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Canadian Supreme Court upholds carbon tax in 6-3 vote

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By Canadian Press	
		Supreme Court to rule Thursday on whether carbon tax is constitutional

As Canada's top court says the federal government's carbon tax is constitutional, the decision is being met with mixed reaction from premiers, politicians, and special interest groups.

Canada implemented the Greenhouse Gas Pollution Pricing Act in 2019, setting a minimum price on carbon emissions in provinces that don't have equivalent provincial prices, a law that was challenged by Saskatchewan, Ontario and Alberta. The majority in that case declared the carbon-pricing law to be "a constitutional Trojan horse" that would give the federal government in Ottawa too much regulatory power over the provinces.

Alberta Premier Jason Kenney says his province will talk with its allies and consult Albertans "to protect jobs and the economy".

In Saskatchewan, Moe said the decision did not change his "core conviction that the federal carbon tax is bad environmental policy, bad economic policy, and simply wrong".

He said consultations will start "right away".

"One thing Albertans can be sure of is we are not going to use this, the excuse of this decision, or the federal carbon tax, to squeeze more money for the government out of Albertans". "So we are looking at what can we do to minimize the cost to our economy, to taxpayers, and to jobs".

"While the Supreme Court has determined that Prime Minister Trudeau has the legal right to impose a carbon tax, it doesn't mean he should, and it doesn't make the carbon tax any less punitive for Saskatchewan people", he said in a statement.

Kenney said the decision opens the door for the potentially unlimited exercise of federal powers over issues provinces should have jurisdiction over.

The tax has been a main source of conflict between Ottawa and the Saskatchewan government since it was first brought in by the Liberal party three years ago.

The Canadian Taxpayers' Federation says it'll continue to oppose the policy, pointing to B.C.as an example.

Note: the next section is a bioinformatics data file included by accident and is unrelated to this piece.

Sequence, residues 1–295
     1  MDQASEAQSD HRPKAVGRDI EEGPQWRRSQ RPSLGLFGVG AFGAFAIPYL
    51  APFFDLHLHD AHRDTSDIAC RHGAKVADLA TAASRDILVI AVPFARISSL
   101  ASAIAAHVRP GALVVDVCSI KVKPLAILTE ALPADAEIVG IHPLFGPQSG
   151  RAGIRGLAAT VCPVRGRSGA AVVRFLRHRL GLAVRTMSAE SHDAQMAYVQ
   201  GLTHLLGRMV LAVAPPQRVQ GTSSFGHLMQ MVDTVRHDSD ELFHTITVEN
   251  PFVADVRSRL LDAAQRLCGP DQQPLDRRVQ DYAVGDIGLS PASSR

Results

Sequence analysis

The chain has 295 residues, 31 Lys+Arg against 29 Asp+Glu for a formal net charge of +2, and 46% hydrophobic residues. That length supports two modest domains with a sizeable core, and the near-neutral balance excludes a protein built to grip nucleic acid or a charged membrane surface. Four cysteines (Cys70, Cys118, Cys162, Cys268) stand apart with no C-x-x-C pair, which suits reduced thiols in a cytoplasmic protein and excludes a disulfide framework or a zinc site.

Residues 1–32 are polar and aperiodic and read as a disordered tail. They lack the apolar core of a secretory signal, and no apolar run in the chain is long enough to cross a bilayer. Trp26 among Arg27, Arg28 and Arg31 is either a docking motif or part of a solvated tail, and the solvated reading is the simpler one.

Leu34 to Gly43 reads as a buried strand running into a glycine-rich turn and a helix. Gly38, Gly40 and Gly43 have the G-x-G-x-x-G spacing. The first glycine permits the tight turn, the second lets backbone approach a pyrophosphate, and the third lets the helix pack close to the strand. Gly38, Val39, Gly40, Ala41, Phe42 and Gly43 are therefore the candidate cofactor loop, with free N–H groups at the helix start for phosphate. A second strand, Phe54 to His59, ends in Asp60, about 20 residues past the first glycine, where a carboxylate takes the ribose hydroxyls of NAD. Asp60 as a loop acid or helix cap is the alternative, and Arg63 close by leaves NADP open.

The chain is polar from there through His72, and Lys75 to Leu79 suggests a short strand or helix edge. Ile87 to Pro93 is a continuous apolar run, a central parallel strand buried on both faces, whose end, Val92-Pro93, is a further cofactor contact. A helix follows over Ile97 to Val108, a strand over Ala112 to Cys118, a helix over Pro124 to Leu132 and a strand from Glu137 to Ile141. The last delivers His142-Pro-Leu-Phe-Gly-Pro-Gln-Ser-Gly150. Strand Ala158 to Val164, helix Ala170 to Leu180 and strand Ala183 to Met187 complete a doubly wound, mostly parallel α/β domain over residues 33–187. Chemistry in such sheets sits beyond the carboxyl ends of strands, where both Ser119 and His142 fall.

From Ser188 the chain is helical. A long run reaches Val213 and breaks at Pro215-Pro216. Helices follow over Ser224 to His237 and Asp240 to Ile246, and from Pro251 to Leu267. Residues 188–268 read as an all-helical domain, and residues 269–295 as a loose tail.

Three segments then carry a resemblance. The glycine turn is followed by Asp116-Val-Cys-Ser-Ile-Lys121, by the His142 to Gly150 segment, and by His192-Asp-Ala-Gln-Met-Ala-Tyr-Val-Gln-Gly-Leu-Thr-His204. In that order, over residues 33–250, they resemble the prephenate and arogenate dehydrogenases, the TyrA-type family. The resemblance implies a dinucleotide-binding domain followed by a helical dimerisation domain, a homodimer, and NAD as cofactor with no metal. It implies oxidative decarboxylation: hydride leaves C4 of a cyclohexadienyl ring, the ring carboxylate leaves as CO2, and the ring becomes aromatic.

At stake was the hotly contested tax that's set to climb all the way to $170 per tonne in 2030, and which has stoked governmental outrage in Alberta, Saskatchewan and Ontario, in particular.

"The fact remains that this tax represents higher costs for millions of Canadian families and businesses", he added.

Meanwhile, B.C.'s government says it's pleased with the Supreme Court's decision. The province has already asked the federal government for this change and for it to be retroactive to January 1, 2019. The province has had various forms of a carbon tax for large industrial emitters since 2007.

A greenhouse gas offset program is also being developed by the provincial government. Mayor Kennedy Stewart applauds the court's decision, saying the ruling "is an affirmation of the approach" taken in Vancouver. "We can't keep having our climate laws ripped up every time there's a change in government". "The action we take here in Vancouver has an impact on the entire world". Moe said it would be an option for regulated industries to meet their emissions targets by buying offsets from farmers, ranchers, and the forestry industry.

Kenney said that a third of the Supreme Court judges dissented further validated Alberta's position.

"What I support is to be aggressive to address the climate change issue", he said.

The Liberal government unveiled a strengthened climate plan late previous year that it says will reduce emissions to 503 megatons and described carbon pricing as a "critical element" of meeting that target.

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